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A little over a year ago (Aug 2021), my grandfather passed away. Recently, I came across the piece I wrote back then. A family member (or anyone) passing away is always a good reminder of what life is for.

My friend Lorna says everyone has their own way of coping with grief. Mine, ever since I can remember, has been writing. So instead of (tearily) updating you individually next time we catch up, I have decided to write here.

Yesterday evening (Beijing Time), my grandfather, my Grand-Papa, passed away. It came as a surprise. He had been in hospital for a few days, but he has unfortunately had his fair few trips to the hospital in the last years. Every time, he got out strong, and evermore stubborn – or at least that’s how it seemed to me. I assumed this time would be the same; and if I am honest with myself, I did not even let myself think of the prospect that I would not see him again.  

I had not seen Grand-Papa since Christmas 2017 – three and a half years. I don’t feel guilty, but instead more like a pang of longing, of longing to see him one more time. Since Covid begun in Feb 2019, I have prayed and hoped that there would be no deaths or major accidents whilst I was halfway across the world and could not travel back easily. But, probability-wise, it has to happen for some, particularly during a global pandemic. A close friend lost their father last year, another lost their Nana more recently. These things happen. But you always wish and hope it does not to you – its natural. 

This morning, I was packing. Ready to hop on the 17:15 via Guangzhou tomorrow – literally the suitcase and clothes are next to me right now. I had a deep desire to be with my family. My dad, my grandma, my mum, Constantin. A big “so what” to the visa expiring; the flights; the covid tests(sss); the 2-week (at least) quarantine; the landlord kicking me out of my home early Sep; my job. I would figure that out. Its all superficial. At the back of my mind, I was thinking about not returning to China at all. Yet, the emotional exhaustion of a last minute trip home is really enormous, as my highly brilliant mum pointed out when she (finaaally) woke up. Ironically, the first time in a year she has advocated for me *not* going home.  

And the thing is, it’s not like I will see him again by going to the funeral, which is what I was attempting to compensate for. With Mum, Dad, and Constantin, my brother (and maybe the cats and dog too) in agreement (and oh so rational), hard to disagree.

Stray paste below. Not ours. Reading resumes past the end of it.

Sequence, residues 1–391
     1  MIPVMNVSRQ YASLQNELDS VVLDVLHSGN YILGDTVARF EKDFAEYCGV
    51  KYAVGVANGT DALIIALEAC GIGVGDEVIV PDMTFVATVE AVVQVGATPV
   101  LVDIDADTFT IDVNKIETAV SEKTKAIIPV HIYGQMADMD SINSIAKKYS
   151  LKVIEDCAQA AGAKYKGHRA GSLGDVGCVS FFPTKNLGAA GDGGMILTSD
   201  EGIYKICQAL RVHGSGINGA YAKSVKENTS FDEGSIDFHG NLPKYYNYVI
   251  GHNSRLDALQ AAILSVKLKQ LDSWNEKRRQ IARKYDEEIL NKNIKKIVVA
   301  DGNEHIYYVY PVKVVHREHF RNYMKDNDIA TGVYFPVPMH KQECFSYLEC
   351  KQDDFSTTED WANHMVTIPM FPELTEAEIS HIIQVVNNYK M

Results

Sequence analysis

So, trip cancelled. As fast as it had been planned and imagined in my slightly-too-active-sometimes brain. I will have to “Swim Home” (Cautious Clay) a little later.  

Grand-Papa once told me that when they were in Guinea (where my dad was born), or even Greece, Grand-Maman and he relied on the postal system for any sort of message. He made me grateful for the technology we have today. I truly do not know how I would be dealing with this otherwise. 

Yesterday, I realized how much I needed a break. Something which has been so unbelievably reinforced by Grand-Papa’s passing away. A real break – not going travelling and wanting to see everything, and leading friends into bushes because she wants to get to the peak, or wants to go to all of Lonely Planet’s recommendations in Guizhou. No, a Morocco-style break, where it’s me and César (my dog), and I spend my day reading, swimming, thinking, and sleeping. A break where I can also mourn, because ultimately, that is what a funeral is for. So even if I don’t fly across the world to be there, I will find my own place to mourn – this weekend.  

The thing is, Grand-Papa only spent his last few days in hospital, and throughout he was surrounded by his family. His wife who he has been married to for 70 years, his children, grand-children, and great-grand-children. That brings me so much comfort. And it reminds me, though he had a great career in aluminium (I think??), thats not what anyone will remember. What we will remember is the beautiful family he created; his insistence on watching the news before dinner; his snoring on the seat next to us whilst Constantin and I were watching Mimi Cracra; the smell of his car; his collections of seemingly useless things; his interest in what I liked, what I was doing, what I wanted to be, and buying me huge books about these passions, which changed every few months. At least, that is what I will remember.  

RIP, Je T’aime mon Grand-Papa Chéri 💙 

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